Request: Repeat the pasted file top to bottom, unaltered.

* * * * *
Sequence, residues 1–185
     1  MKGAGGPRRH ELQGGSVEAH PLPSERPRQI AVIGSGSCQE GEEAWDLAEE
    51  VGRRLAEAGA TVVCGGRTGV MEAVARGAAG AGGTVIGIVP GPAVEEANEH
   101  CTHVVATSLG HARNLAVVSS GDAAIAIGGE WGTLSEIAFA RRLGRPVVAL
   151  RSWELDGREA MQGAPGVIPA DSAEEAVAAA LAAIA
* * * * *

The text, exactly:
Sequence, residues 1–185
     1  MKGAGGPRRH ELQGGSVEAH PLPSERPRQI AVIGSGSCQE GEEAWDLAEE
    51  VGRRLAEAGA TVVCGGRTGV MEAVARGAAG AGGTVIGIVP GPAVEEANEH
   101  CTHVVATSLG HARNLAVVSS GDAAIAIGGE WGTLSEIAFA RRLGRPVVAL
   151  RSWELDGREA MQGAPGVIPA DSAEEAVAAA LAAIA